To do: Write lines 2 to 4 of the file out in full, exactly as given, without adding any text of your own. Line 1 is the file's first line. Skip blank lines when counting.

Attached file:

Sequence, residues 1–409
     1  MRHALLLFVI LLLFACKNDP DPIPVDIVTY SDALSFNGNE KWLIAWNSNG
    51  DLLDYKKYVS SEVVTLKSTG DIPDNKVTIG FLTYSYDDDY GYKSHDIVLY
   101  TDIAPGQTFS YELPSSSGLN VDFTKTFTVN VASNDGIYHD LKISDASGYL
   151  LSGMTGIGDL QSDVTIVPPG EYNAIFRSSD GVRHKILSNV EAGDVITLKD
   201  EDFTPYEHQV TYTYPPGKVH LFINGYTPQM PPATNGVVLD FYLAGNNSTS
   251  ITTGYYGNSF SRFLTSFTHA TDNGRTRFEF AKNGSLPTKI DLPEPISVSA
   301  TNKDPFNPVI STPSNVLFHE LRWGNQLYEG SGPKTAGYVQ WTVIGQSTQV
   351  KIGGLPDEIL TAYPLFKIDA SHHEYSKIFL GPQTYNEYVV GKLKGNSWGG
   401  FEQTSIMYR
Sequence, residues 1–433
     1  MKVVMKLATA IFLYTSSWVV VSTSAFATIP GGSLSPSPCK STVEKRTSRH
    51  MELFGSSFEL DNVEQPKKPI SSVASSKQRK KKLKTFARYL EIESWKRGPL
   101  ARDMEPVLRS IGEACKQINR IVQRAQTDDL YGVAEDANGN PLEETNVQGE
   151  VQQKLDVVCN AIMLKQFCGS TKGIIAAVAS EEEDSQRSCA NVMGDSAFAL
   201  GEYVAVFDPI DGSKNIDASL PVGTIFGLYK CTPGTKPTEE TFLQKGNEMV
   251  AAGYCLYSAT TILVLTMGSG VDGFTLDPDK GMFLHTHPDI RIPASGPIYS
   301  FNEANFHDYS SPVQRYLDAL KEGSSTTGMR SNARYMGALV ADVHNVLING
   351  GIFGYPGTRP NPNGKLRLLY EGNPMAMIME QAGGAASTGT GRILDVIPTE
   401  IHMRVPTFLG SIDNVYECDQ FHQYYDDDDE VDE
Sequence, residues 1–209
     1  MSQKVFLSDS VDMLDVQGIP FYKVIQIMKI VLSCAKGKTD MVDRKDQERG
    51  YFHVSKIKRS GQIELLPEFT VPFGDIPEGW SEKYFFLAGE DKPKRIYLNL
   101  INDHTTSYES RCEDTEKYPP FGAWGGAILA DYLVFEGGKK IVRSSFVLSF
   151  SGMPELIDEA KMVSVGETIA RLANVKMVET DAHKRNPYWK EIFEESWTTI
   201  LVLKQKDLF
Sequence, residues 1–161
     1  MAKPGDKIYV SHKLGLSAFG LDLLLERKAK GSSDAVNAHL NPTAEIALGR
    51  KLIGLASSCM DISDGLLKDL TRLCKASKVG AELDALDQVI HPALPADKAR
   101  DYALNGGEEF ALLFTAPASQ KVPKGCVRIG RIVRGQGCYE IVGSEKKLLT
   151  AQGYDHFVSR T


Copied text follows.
     1  MRHALLLFVI LLLFACKNDP DPIPVDIVTY SDALSFNGNE KWLIAWNSNG
    51  DLLDYKKYVS SEVVTLKSTG DIPDNKVTIG FLTYSYDDDY GYKSHDIVLY
   101  TDIAPGQTFS YELPSSSGLN VDFTKTFTVN VASNDGIYHD LKISDASGYL